Consider your repetitive daily tasks. Do you, or your employees, follow a process to perform these? If so, then this job, or at least the repetitive part of it, will almost definitely be replaced by a robotic usurper.
No industry will be unchanged from the “robot revolution”. Disruption is already occurring in many of the commoditised functions of accounting and legal advice, for example. Templated legal document services have already eroded simple legal advice and computing systems can do initial audits more efficiently and cost effectively than humans, flagging inconsistencies for human review. Electronic settlement service PEXA, which digitalises property settlement, is a big step towards self-directed conveyancing service. Even medicine is set to see much of its diagnostic imaging being analysed by robots.
Perhaps at greatest threat will be industries like finance, whose general functions are, in simplistic terms, the application of knowledge to data. Mortgage broking & insurance services in particular, which rely heavily on compiling client data and then making comparisons on rates or premiums, are certain to see much lower levels of human involvement.
In a research paper “The Future of employment” published in 2013 by Oxford University, it was estimated that 47% of American jobs are replaceable by robots.
What do we mean by robots?
Robots, in the sense we are talking about, are the programmatic application of algorithms upon data sets. Less the humanoid machines from sci-fi movies iRobot or Bicentennial Man and more akin to complex computational apps, like virtual assistant Siri or Cortana. The greater the reductive power of an app, the more powerful its disruption. And, when applications can be programmed to adapt their algorithms to incorporate new data and outcomes, we enter the exciting world of Artificial Intelligence (AI).
According to Nick Bostrom, Oxford philosopher, artificial intelligence can be broken into three categories:
1. Narrow A.I.
Narrow A.I. specialises in one area. Things like Facebook’s ability to tag friends in photos automatically or, Netflix and Spotify providing personalised recommendations are all examples of narrow AI.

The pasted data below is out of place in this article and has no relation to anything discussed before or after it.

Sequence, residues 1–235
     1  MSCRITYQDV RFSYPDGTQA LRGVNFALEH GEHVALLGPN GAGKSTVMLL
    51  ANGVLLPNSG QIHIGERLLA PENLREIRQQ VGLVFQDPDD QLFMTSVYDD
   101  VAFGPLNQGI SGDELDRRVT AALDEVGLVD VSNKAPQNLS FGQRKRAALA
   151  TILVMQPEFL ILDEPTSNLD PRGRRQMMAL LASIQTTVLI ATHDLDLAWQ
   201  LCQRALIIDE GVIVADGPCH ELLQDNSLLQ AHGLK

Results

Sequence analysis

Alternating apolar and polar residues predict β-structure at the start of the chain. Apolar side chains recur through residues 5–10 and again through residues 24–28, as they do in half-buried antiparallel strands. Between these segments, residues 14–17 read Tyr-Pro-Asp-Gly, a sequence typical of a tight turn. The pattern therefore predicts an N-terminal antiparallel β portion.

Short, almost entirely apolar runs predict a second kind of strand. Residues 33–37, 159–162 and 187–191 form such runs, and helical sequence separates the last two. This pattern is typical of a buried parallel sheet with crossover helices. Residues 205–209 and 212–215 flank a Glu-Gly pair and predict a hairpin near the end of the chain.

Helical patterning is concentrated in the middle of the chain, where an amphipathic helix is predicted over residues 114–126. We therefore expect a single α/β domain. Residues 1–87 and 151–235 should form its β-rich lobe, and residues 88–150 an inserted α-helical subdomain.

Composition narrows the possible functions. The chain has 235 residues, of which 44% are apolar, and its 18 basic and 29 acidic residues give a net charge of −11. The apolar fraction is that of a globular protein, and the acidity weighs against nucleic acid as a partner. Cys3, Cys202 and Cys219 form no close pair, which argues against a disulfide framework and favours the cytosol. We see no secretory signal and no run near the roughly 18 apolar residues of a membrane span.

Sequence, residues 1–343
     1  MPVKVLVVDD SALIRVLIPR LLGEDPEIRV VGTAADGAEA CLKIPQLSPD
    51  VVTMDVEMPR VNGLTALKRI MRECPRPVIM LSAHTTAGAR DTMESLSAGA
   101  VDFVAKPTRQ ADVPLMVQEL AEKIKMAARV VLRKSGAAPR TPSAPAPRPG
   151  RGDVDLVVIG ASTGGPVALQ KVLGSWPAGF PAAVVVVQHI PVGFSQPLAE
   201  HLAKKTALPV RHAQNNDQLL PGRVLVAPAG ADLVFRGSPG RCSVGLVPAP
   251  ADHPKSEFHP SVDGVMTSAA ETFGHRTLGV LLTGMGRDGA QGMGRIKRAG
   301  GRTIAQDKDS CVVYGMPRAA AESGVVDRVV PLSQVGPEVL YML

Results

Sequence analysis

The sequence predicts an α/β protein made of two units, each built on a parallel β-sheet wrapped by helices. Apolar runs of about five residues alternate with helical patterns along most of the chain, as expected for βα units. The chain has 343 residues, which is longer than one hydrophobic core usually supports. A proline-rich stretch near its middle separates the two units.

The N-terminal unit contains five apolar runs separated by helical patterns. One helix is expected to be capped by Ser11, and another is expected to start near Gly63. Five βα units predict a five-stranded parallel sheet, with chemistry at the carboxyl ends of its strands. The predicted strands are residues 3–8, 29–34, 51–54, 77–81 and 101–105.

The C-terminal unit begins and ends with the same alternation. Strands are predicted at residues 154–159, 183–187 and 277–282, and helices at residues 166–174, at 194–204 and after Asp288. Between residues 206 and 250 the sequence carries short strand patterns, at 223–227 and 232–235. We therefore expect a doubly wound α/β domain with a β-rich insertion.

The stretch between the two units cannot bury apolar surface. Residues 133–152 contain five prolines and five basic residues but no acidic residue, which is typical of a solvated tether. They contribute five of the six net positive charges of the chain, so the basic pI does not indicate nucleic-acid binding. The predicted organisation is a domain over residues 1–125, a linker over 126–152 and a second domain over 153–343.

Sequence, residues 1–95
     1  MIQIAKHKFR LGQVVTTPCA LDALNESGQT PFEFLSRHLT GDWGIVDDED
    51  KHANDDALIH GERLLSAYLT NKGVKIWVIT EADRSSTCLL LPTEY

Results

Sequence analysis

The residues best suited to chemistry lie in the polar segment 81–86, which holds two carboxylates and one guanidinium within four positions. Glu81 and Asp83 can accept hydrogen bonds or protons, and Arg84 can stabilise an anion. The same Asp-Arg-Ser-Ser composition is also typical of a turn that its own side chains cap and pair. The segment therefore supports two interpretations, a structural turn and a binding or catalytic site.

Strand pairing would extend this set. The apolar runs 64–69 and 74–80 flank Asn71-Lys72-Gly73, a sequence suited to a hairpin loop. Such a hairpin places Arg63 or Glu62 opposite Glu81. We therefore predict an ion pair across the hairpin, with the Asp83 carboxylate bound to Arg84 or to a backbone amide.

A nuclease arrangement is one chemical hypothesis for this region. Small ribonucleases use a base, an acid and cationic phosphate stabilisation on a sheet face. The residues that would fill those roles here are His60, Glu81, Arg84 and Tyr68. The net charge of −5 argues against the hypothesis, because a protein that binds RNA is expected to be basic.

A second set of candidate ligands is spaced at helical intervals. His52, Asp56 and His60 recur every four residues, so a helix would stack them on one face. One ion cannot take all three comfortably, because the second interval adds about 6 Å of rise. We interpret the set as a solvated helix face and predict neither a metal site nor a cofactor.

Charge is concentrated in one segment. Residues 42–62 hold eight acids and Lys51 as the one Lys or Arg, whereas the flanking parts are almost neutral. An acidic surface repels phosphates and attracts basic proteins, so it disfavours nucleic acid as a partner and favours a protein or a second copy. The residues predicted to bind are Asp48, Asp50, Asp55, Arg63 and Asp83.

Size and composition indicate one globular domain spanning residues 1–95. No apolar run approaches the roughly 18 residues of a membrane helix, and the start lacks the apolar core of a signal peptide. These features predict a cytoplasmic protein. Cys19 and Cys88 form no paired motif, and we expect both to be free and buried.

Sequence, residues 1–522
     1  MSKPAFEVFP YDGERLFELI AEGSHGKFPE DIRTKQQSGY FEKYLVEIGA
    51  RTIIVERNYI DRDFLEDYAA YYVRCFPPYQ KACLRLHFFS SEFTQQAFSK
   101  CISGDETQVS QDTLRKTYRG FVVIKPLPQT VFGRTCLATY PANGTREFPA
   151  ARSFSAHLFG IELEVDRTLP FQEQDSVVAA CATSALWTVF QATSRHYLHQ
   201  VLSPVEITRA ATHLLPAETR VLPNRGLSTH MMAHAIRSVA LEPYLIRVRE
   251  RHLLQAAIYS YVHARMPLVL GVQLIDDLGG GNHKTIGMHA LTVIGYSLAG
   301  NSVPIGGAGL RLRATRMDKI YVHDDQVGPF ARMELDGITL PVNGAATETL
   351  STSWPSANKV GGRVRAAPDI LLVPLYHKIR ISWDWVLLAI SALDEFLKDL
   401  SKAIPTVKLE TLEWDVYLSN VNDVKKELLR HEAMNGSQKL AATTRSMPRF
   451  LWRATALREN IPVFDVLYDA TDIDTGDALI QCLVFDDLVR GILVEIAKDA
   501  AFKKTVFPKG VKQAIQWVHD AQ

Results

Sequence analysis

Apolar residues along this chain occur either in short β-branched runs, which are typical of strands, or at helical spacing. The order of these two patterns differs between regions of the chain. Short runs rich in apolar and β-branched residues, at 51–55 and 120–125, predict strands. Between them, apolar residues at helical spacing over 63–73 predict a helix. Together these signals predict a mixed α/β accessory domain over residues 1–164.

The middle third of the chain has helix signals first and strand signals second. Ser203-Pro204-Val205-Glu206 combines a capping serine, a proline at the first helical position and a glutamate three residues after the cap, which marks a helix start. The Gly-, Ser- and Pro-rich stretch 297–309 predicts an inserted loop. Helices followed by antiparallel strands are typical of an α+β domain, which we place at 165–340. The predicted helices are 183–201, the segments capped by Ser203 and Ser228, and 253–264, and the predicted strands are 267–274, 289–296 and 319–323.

2. General A.I
General AI is defined as a computational process as smart as a human across any computational task. Key traits of general AI would be the ability to think creatively, think in abstract and importantly, apply learnings from a variety of experiences to solutions in seemingly unrelated areas.
General AI is a at least a few years off. For general AI to become a reality, we need to further refine the sensory interactions of computers with the world. These external stimuli would then need to be fed into an “artificial neural network”. This is a style of computing storage modelled on a biological brain. i.e. data inputs are stored in interconnected nodes not discretely. How the nodes interact with each other internally is influenced by learned experiences. i.e. should a nodal reference to seemingly unrelated data be a success, it may strengthen certain connections between data nodes in the future and vice versa.
The building blocks of achieving all of the above are already well under way.
3. Artificial Superintelligence or Singularity
This is the third category of AI. Singularity occurs when computers surpass human intelligence.
How is this possible? If true general AI is achieved, then computers will be able to self-learn in a hypothetical digital environment, with simulated scenario repetition occurring at speeds only limited by energy movement and computational power. With enough computational power there will be a very rapid advancement in computing intellect. So rapid and profound, that it would quickly be a billion times more powerful than all human intelligence. Whether this is actually possible or rests in the realm of science fiction remains unknown.
Have we reached a tipping point?
Potentially yes! Evidence that machine learning is possible emerged this year when AlphaGo (a project of google DeepMind) beat the world’s best human Go player. Go is an ancient Chinese board game that has more move combinations than atoms in the universe. As such, computers have been previously unsuccessful using brute computational force to simulate combinations to beat humans.
So how did AlphaGo win?
AlphaGo used two artificial neural networks. These neural networks filtered erroneous moves and proposed a limited set of ‘intelligent’ moves. These limited options could then be simulated more manageably. The program then executed the move with best possible outcome. To improve the efficiency of the neural network ‘filters’, 30 million advanced human move combinations were pre-loaded into the neural networks.
Then, “once AlphaGo reached a certain degree of proficiency, it was trained further by being set to play large numbers of games against other instances of itself, using reinforcement learning to improve its play”. The computer learnt new strategies by playing thousands of simulated games against itself… this is a big leap in the move towards A.I. More here on AlphaGO
What should businesses do?
If your businesses service or product is the output of a series of processes or systematic functions, then you may find that in two to ten years’ competition emerging from robotic digitalisation. Ensuring the value to clients or customers is connected to an intangible point of difference, whether it be people or goodwill, will help protect you from digital disruption.
And, if like many businesses you have input elements that can be digitalised, then you may be a beneficiary of the robotic revolution. If your business is completely process or systematic based, then perhaps you should consider leading the digital disruption!
About the author:
Matt Vickers CFP® is the principal adviser of Snowgum Financial Services.